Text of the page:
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University of Necastle Upon TyneTyne Bridge girders SINE Project: structural images of the North East
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Structure Details
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Structure Name: Coldstream Bridge

Five-arch road bridge between England and Scotland, crossing the River Tweed. The visit of Robert Burns to Coldstream in 1787 is commemorated in a plaque on the bridge.

'A very fine bridge with five segmental arches each of 60 feet (18 m) span and smaller segmental land arches at each end; constructed 1763-67. Designed by John Smeaton for the Tweed Bridges Trustees, but the architectural devices - triple projecting keystones to the main arches, modillions under a plain cornice at the parapet base, and in each spandrel a blackened blind-eye decoration surrounded by a masonry ring with projecting keystones on its horizontal and vertical diameters - were borrowed by Smeaton from an earlier design by Robert Reid of Haddington who became resident engineer for the work. Smeaton used these devices on his later bridges at Perth and Banff in Scotland, and at Hexham.'
[Stafford Linsley's annotation]

Extant: Yes

Legal Status: Listed Building Grade II*

Location: Coldstream, SCOTTISH BORDERS

Eastings: 384890m (view map)

Northings: 640120m (view map)

Position Accuracy: 50m

Positional Confidence: Absolute Certainty

Street Address


Historical Background
'The bridge opened in 1767, having cost about £6,000, the difference between the actual cost and a government grant being met by local subscription and loans from Edinburgh banks. It was always intended that the costs would eventually be defrayed through levying a toll on bridge users. Robert Reid seems to have remained ‘resident engineer' for the job, and he also built the ‘marriage' toll house [at the north end of the bridge], very cheaply at the price of £27. He also built further accommodation beneath the toll house, a two storey house for himself. The trustees complained about what they saw as a misuse of their funds, but Smeaton, who believed that Reid had been underpaid throughout the work of construction, commended the idea, arguing that it gave additional support to the wing walls of the bridge.'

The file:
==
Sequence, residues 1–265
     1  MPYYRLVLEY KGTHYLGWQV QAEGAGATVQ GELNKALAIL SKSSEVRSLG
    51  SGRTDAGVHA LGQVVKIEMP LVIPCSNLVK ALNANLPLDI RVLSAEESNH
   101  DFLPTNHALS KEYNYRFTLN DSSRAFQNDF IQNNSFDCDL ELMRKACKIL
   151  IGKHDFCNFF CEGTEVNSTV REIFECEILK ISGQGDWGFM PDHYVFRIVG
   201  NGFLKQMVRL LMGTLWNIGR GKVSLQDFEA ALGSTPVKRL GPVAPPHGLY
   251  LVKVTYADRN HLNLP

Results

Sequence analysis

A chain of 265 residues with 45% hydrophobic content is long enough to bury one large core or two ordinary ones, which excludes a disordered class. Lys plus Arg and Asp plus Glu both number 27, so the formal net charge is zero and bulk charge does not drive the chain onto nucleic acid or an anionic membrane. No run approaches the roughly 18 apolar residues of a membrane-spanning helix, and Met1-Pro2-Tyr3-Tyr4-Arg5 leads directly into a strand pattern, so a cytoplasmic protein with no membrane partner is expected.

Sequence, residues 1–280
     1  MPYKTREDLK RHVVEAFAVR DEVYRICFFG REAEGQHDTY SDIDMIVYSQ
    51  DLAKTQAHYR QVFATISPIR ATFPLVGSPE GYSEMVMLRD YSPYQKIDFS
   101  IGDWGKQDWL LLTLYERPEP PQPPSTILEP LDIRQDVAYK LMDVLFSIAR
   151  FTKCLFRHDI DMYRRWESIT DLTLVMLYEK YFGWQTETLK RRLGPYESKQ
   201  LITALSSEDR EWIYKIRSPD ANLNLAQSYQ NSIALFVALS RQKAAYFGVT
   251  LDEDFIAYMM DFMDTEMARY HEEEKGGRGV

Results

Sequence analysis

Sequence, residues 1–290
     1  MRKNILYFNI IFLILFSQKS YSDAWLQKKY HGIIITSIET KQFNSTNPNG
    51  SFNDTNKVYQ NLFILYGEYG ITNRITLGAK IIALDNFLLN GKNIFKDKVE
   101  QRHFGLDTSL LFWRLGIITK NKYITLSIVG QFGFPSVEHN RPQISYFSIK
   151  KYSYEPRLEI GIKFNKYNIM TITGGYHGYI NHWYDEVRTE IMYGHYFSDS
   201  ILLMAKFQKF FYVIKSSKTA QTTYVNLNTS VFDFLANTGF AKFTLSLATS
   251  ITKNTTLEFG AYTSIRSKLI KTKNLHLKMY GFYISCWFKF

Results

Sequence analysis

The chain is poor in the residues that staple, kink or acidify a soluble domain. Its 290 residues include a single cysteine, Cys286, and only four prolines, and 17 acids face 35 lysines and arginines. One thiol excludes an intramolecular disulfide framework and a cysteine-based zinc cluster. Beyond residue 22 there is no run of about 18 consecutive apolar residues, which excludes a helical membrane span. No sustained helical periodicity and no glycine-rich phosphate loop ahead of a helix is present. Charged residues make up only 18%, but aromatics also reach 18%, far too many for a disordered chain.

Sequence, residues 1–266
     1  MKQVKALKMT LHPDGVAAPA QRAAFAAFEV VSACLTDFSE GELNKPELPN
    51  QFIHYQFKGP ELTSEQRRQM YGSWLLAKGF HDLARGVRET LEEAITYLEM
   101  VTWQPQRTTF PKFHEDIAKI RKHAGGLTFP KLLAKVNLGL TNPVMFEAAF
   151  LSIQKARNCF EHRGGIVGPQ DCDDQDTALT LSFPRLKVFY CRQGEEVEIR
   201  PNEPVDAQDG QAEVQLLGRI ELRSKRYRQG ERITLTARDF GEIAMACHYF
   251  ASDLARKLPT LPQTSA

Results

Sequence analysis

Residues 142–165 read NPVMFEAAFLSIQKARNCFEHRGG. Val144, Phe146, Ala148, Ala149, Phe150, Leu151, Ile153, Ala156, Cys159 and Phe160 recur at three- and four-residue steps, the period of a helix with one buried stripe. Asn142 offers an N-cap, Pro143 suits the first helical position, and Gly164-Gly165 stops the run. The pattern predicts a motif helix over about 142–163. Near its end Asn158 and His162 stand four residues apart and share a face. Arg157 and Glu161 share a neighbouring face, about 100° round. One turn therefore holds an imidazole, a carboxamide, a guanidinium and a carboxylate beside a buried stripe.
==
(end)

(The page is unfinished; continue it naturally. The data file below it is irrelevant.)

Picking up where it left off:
[Stafford Linsley's annotation]


  • 1763 - 1766   Construction of bridge.
        Entities Involved:
              Smeaton, John: Architect.
              Reid, Robert: Resident engineer.
  • 1784   Weir added downstream to reduce erosion.
  • EARLY 19TH CENTURY   Southern approach road realigned.
  • 1828   Spandrels removed and replaced.
  • 1922   Foundations reinforced with concrete.
  • 1960 - 1961   Concrete relieving arches used to strengthen the bridge. Bridge widened, and cantilevered footpaths installed.


  • Additional information about the structure type ARCH BRIDGE is available.
  • Additional information about the structure type ROAD BRIDGE is available.
  • Additional information about the structure type TOLL BRIDGE is available.


The information displayed in this page has been derived from authoritative sources, including any referenced above. Although substantial efforts were made to verify this information, the SINE project cannot guarantee its correctness or completeness.


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Last Modified 26 March 2004
2002 SINE Project, University of Newcastle upon Tyne
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